Unidentified hackers brought Moscow traffic to a halt after sending hundreds of taxis to the same pickup point within the Russian capital city, Radar has learned.
The shocking incident took place on Thursday when the group of hackers targeted Yandex Taxi – a Russian app similar to Uber and Lyft – and ordered hundreds of drivers to the same Moscow location.
“On the morning of September 1, Yandex Taxi encountered an attempt by attackers to disrupt the service — several dozen drivers received bulk orders to the Fili region,” the company said in a statement confirming the incident.
Yandex Taxi’s security department “immediately stopped attempts to artificially” request a taxi, but it was too late to prevent the overwhelming traffic from turning into a gridlock.
“Drivers still spent about 40 minutes in traffic jams due to fake orders,” the company added. “The issue of compensation will be resolved in the near future.”
Although the incident took place Thursday morning, nobody took responsibility for the hack in the hours and days following the traffic jams – although some Russians believe it was an attempt at cyber warfare as a result of Vladimir Putin's ongoing invasion of Ukraine.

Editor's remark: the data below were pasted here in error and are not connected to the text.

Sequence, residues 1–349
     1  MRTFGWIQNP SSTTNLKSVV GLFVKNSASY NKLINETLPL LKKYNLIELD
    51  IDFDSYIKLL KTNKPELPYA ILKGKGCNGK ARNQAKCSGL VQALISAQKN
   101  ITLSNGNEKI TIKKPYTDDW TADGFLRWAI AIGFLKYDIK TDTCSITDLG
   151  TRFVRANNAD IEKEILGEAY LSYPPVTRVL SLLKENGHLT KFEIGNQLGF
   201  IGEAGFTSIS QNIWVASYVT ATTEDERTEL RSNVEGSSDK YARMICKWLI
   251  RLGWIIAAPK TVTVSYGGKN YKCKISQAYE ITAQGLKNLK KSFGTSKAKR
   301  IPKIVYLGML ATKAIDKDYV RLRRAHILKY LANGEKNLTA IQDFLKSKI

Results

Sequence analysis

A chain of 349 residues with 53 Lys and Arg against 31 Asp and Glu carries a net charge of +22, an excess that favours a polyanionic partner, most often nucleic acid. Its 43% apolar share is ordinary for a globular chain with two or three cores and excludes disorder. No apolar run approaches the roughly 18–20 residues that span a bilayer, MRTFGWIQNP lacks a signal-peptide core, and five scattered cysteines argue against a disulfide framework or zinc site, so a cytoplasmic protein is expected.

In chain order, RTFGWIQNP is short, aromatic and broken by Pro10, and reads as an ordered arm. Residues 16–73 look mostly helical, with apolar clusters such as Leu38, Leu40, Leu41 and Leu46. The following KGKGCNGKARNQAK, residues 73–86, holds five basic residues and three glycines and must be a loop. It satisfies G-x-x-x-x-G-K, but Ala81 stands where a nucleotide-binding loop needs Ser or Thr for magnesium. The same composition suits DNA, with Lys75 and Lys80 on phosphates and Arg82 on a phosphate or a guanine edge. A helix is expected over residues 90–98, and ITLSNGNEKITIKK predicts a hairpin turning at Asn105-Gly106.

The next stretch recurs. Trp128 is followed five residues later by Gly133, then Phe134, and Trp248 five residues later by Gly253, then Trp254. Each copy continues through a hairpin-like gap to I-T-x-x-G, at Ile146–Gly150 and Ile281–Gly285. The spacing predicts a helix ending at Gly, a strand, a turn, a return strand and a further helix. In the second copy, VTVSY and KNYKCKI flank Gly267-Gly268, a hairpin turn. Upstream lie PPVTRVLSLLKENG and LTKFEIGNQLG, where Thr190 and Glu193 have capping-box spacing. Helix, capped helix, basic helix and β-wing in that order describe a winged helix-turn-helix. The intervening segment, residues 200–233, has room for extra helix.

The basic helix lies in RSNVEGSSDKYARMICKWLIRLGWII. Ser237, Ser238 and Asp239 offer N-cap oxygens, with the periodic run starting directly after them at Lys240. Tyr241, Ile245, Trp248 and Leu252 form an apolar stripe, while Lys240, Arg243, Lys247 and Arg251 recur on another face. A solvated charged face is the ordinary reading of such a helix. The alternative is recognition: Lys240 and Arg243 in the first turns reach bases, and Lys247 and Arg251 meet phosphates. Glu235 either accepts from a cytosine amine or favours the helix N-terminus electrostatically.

Mykhailo Fedorov, Ukraine's digital minister and one of President Volodymyr Zelensky's main advisors regarding technology, recently created an “IT Army” made up of Ukrainian hackers to help the country fight their invaders via the cyber landscape.
In the weeks following Fedorov’s creation of the IT Army, dozens of Russian websites have reportedly been taken offline, Russian state media has been targeted, and classified Russian information has been leaked online.
As RadarOnline.com previously reported, the traffic jam also came less than one week after hundreds of Russian supercar drivers were pulled over and dragged from their vehicles during a “Rich and Successful” rally on Sunday.
The rally, which took place in the very same streets and highways brought to gridlock, saw upwards of 170 supercar drivers detained, arrested, and potentially sent off to Ukraine as punishment during a crackdown against extravagant and unnecessary displays of wealth.
Mikhail Dzhabarov, a Russian senator and outspoken Putin supporter, suggested the detained men “should be called to help the army” as “punishment” for “parading their Western cars” at the time.